- Moran, N., Oppenheim, M., Engle, S., & Wartell, R.. (2014, September 3). Darwin’s Favorite APT Group [Blog]. Retrieved November 12, 2014.
- Falcone, R. and Miller-Osborn, J.. (2016, January 24). Scarlet Mimic: Years-Long Espionage Campaign Targets Minority Activists. Retrieved February 10, 2016.
- Crowdstrike Global Intelligence Team. (2014, June 9). CrowdStrike Intelligence Report: Putter Panda. Retrieved January 22, 2016.
- ESET. (2016, October). En Route with Sednit - Part 2: Observing the Comings and Goings. Retrieved November 21, 2016.
- Miller-Osborn, J. and Grunzweig, J.. (2017, March 30). Trochilus and New MoonWind RATs Used In Attack Against Thai Organizations. Retrieved March 30, 2017.
- Fidelis Cybersecurity. (2016, February 29). The Turbo Campaign, Featuring Derusbi for 64-bit Linux. Retrieved March 2, 2016.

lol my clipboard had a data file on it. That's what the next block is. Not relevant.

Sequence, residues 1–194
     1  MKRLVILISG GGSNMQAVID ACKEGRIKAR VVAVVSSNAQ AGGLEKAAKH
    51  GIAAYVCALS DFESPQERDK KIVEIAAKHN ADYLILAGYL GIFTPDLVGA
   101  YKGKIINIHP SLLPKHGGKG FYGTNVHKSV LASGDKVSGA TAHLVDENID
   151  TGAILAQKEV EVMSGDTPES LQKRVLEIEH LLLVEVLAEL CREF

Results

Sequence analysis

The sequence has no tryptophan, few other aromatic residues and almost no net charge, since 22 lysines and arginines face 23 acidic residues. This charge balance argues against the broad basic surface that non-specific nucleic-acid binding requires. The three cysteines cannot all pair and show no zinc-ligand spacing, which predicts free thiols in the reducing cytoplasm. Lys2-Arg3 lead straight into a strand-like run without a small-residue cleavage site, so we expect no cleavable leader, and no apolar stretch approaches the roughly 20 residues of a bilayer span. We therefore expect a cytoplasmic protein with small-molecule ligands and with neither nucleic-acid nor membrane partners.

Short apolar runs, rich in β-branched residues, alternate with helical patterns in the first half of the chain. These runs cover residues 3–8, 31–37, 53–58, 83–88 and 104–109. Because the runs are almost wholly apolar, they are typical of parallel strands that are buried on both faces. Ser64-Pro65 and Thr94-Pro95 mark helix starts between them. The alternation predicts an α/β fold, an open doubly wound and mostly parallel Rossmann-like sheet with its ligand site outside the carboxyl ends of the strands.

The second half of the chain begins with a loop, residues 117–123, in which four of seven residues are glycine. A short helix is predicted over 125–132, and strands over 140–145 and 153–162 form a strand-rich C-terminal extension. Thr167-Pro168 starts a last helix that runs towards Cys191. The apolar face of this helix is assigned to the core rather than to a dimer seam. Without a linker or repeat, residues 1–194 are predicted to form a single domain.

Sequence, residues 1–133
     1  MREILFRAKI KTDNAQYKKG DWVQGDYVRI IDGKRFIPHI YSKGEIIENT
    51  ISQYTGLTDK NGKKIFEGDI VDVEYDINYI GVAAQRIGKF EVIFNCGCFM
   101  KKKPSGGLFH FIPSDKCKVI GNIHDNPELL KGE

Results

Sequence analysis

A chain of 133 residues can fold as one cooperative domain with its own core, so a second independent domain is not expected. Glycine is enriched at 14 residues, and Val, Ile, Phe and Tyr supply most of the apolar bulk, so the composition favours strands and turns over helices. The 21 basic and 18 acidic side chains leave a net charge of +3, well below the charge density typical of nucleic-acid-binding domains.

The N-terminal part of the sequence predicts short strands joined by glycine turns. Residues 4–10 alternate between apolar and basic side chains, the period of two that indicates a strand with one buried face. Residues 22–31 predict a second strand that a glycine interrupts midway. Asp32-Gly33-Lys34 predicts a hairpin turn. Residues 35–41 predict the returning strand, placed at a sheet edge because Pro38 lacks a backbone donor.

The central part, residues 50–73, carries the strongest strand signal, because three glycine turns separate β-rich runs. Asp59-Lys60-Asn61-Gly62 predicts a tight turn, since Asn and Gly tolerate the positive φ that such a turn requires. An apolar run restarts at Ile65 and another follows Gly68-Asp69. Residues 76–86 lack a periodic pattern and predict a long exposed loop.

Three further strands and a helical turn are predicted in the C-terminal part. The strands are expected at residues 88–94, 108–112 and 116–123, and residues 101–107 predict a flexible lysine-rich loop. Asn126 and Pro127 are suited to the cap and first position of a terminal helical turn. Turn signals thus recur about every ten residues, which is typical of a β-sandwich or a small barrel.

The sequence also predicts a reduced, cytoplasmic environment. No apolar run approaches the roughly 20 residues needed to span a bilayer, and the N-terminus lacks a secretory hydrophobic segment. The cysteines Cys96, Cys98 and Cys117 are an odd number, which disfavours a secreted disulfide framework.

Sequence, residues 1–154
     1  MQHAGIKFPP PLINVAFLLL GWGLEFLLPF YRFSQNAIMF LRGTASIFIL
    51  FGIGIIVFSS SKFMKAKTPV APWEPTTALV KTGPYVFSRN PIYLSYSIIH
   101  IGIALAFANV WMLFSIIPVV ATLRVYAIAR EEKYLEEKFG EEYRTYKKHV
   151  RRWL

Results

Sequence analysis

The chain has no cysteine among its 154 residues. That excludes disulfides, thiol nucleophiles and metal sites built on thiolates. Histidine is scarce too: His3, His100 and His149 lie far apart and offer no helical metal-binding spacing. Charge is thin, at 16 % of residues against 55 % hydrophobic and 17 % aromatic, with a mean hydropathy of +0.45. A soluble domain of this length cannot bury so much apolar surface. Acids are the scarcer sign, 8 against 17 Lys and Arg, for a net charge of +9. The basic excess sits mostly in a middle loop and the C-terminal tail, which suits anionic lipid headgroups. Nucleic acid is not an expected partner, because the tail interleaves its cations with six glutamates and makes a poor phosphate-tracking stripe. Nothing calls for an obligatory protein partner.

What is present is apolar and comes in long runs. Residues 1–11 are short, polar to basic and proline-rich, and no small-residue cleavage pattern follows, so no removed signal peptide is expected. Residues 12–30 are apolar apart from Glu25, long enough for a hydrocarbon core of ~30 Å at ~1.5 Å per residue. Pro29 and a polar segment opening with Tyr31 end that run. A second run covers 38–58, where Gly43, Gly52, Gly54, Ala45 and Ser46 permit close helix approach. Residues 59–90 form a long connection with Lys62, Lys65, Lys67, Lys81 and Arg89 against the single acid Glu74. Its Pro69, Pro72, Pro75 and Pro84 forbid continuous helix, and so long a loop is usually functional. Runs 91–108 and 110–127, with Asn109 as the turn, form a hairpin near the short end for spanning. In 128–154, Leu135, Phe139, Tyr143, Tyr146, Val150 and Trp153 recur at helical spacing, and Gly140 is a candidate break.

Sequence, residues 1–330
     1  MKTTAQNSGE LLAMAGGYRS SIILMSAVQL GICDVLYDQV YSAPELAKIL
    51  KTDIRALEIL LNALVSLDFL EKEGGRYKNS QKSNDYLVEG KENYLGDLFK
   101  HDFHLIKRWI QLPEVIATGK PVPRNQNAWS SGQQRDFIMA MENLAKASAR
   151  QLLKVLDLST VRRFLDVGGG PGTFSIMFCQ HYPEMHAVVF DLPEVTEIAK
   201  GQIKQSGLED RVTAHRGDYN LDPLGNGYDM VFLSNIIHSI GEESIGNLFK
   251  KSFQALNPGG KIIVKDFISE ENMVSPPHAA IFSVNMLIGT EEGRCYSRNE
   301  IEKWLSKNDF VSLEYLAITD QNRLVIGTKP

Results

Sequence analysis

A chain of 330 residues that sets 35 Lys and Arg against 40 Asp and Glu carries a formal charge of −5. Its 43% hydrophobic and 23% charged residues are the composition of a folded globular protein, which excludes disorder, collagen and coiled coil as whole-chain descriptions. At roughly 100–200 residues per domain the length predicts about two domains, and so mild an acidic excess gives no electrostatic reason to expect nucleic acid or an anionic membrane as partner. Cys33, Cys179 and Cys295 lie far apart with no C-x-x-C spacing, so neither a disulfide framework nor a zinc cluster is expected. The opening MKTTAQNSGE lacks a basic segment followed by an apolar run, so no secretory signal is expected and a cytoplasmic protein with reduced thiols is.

- Kaspersky Lab's Global Research and Analysis Team. (2015, February). CARBANAK APT THE GREAT BANK ROBBERY. Retrieved August 23, 2018.
- Bennett, J., Vengerik, B. (2017, June 12). Behind the CARBANAK Backdoor. Retrieved June 11, 2018.
- FireEye iSIGHT Intelligence. (2017, April 6). APT10 (MenuPass Group): New Tools, Global Campaign Latest Manifestation of Longstanding Threat. Retrieved June 29, 2017.
- FireEye Labs. (2015, April). APT30 AND THE MECHANICS OF A LONG-RUNNING CYBER ESPIONAGE OPERATION. Retrieved May 1, 2015.
- Reaves, J. (2016, October 15). TrickBot: We Missed you, Dyre. Retrieved August 2, 2018.
- Sebastian Feldmann. (2018, February 14). Chaos: a Stolen Backdoor Rising Again. Retrieved March 5, 2018.
- US-CERT. (2017, November 22). Alert (TA17-318A): HIDDEN COBRA – North Korean Remote Administration Tool: FALLCHILL. Retrieved December 7, 2017.
- Settle, A., et al. (2016, August 8). MONSOON - Analysis Of An APT Campaign. Retrieved September 22, 2016.